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The Kensington, MD area gets around 15 inches of snow each year. It’s essential to keep your property clear of snow and ice. Driving on snow-covered roads can be dangerous for you and those around you. 

Snow plowing is an efficient way to clear your property’s driveway and the road of accumulated snow. It’s important to use the right method and equipment when snow plowing a commercial property. You’ll want to get the job done as quickly as possible so you can go back inside where it’s warm. 

This guide will discuss our favorite plowing techniques you can use instead of spending hours shoveling snow. 

Plan Ahead

Planning for an upcoming snowstorm will help you be ready for when it hits. You should stake your driveway so you have a roadmap for where you need to plow. Staking your driveway helps you avoid plowing other parts of your property that don’t need to get cleared. 

Place a stake on either side of your driveway’s entrance. Put in more stakes along both sides every 10 to 15 feet. You’ll want to include more stakes if your driveway has lots of turns. 

You’ll have no problem seeing where your driveway is, even if the snowstorm produces a lot of snow. You can also add reflectors to your stakes. The reflectors boost your visibility, whether you’re driving or plowing at night. 

Don’t Wait Until the Storm Is Over

You might be tempted to start plowing once it’s stopped snowing. Snowfall will be harder to plow the more it accumulates. Heavy snow cover might harden as well, making it more challenging to plow. 

Decrease your workload by plowing during the storm. It might seem unappealing to head out during a snowstorm to plow, but you’ll be thanking yourself later. 

Account for Other Plows

There’s a high chance that you’ll find a pile of snow waiting for you at the end of your driveway. Another snowplow might’ve gone along your road, creating berms along the side. These berms can get very hard to remove as snow accumulates and hardens on top of them. 

You can prevent that from happening. Plow a large chunk of snow from your driveway’s right side. When a plowing service goes down your road, the snow will go somewhere else besides your driveway. 

Back Drag if You Have a Short Driveway

Back dragging is a great option if you have a short, straight driveway. Follow these steps to back drag:

  • Drive up to your building as far as you can
  • Lower your plow
  • Back up toward the street

As you back to the street, you’ll pull the snow with you. Keep in mind that while your vehicle might come with a backup camera, you’ll want to use your eyes during this method. You need to pay close attention to any people or animals that might get in your path.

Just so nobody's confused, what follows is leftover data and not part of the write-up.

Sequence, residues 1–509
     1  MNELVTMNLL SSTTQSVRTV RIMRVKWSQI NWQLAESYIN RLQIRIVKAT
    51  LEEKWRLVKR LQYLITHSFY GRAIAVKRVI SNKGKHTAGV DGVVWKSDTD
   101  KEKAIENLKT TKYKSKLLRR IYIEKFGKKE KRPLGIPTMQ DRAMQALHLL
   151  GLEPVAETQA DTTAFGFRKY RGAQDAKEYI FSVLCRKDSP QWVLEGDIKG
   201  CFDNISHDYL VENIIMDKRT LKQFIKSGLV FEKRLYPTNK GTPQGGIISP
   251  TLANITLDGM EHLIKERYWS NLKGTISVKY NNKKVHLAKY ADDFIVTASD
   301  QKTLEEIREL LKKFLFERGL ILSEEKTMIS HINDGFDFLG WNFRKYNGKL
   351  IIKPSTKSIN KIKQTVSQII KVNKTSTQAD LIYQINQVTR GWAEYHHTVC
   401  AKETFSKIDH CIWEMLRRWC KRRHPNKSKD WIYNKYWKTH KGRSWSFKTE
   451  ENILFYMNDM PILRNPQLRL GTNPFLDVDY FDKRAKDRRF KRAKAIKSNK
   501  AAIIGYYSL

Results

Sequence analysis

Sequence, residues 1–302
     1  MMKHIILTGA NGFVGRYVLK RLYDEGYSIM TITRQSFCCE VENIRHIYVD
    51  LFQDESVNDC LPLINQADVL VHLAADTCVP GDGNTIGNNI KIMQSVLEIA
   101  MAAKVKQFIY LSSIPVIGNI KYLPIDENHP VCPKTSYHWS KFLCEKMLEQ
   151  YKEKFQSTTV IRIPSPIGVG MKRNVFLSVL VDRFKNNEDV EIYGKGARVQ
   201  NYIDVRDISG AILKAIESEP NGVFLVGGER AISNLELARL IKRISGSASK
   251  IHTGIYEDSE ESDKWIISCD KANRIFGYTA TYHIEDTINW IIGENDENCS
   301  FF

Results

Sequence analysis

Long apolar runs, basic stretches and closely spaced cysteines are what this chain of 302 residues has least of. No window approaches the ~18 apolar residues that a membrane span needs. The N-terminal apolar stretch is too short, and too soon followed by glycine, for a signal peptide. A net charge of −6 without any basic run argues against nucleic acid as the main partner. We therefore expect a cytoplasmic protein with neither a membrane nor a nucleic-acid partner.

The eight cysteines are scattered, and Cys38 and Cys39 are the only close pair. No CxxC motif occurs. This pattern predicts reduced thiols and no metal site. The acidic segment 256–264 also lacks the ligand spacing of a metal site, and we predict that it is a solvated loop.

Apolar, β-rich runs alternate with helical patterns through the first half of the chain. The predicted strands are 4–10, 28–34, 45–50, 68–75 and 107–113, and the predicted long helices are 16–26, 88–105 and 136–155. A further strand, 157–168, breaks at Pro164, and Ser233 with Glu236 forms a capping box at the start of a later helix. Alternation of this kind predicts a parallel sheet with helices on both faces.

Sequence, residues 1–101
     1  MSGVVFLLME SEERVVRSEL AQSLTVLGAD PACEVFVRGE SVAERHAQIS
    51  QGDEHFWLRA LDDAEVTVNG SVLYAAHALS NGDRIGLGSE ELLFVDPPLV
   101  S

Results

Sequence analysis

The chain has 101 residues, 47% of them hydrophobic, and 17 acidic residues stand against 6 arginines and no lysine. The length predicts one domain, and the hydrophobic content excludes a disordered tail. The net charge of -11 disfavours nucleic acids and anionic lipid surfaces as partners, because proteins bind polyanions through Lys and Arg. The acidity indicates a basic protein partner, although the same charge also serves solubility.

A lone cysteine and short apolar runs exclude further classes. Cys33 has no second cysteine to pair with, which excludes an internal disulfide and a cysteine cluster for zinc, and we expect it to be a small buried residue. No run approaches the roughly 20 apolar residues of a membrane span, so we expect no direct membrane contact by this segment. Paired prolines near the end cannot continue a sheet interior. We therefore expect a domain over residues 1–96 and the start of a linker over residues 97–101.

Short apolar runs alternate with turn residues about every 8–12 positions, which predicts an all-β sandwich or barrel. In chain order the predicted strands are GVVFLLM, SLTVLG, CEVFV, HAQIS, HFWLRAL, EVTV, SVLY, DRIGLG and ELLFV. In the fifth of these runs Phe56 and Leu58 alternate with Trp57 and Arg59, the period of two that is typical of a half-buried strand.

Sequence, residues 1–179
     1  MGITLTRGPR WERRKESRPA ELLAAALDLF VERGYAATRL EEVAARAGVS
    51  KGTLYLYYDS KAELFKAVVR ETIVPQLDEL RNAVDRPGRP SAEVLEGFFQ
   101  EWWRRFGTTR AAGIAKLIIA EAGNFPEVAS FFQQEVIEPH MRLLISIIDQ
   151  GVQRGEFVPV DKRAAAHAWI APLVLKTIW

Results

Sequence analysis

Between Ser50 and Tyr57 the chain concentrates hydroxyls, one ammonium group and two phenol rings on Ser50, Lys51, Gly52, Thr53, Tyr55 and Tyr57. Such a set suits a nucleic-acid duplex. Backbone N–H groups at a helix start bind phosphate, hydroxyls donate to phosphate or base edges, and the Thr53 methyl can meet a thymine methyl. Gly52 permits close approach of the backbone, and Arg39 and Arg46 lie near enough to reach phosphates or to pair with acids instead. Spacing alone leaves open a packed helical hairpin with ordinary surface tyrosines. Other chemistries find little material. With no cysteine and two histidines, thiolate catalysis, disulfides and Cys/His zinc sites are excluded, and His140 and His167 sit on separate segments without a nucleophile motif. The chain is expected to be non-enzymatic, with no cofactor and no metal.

Choose a specific spot where you’ll deposit the snow after each pass. You don’t want the snow to get in the way of other cars on your road or your neighbors. You’ll want to find a big enough spot since you might have to plow a few times during a snowstorm. 

When back dragging, be careful to avoid hitting drains, fire hydrants, electrical boxes, and mailboxes. You’ll also want to back drag the snow to a place where it can easily drain once it melts. 

How to Get Started Plowing

Back dragging might not be an option that works for you. Let’s discuss some basic snowplowing techniques that work for most driveways. 

Plow in Right Angles 

As you start driving forward, lower your plow. Drive slowly and plow in a straight line. Start by clearing the snow at the outer edges of your driveway. 

Slow down your vehicle, lifting the plow to stack the snow better as you get to the end of a push. Move systematically as you drive your plow. Plow cleanly and slowly as you make your way to the other side of your driveway.

Back In

Another technique for those with longer driveways is to back into your driveway. You can plow the snow out onto your road. Once the snow is on the road or at the end of your driveway, you can plow it to another location that’s out of the way. 

Fluffy, light snow might be able to get plowed all at once. Wet and heavier snow might take multiple passes with your snow plow. As you plow, lower your plow each time to reduce wear and tear on your car. 

How to Keep Yourself Safe When Plowing

Some snow plows attach to the front of your truck or SUV. With those options, you can stay warm and cozy inside your vehicle while you plow. In other scenarios, you might be plowing atop a quad or four-wheeler, exposed to the elements. 

Get prepared with the following safety equipment whenever you go plowing:

  • A helmet equipped with a no-fog shield
  • Warm clothes including insulated underwear
  • Water-resistant and insulated boots
  • Sunglasses (if needed)
  • Gloves that enable you to operate plow and vehicle functions 

You mustn’t drive over 10 MPH when plowing snow. You should always have your seatbelt on, even if you’re driving at a slow speed. Try to plow during times when there’s low traffic. 

Exercise the following three things while plowing:

  • Common sense
  • Courtesy
  • Safety

Odds are if you’re out plowing, you won’t be the only one. Keep an eye out for other snow plows to avoid unfortunate accidents. 

Contact Bam’s Landscaping for Commercial Snow Plowing

You can quickly become a master at snow plowing when dealing with small driveways and roads. However, it can be challenging to stay on top of large commercial properties. You don’t want to have to shovel snow yourself in those types of situations. 

That’s where Bam’s Landscaping comes in. We’ll keep your parking lot and driveways plowed during Maryland snowstorms. Contact us today to get a free snow removal quote. 

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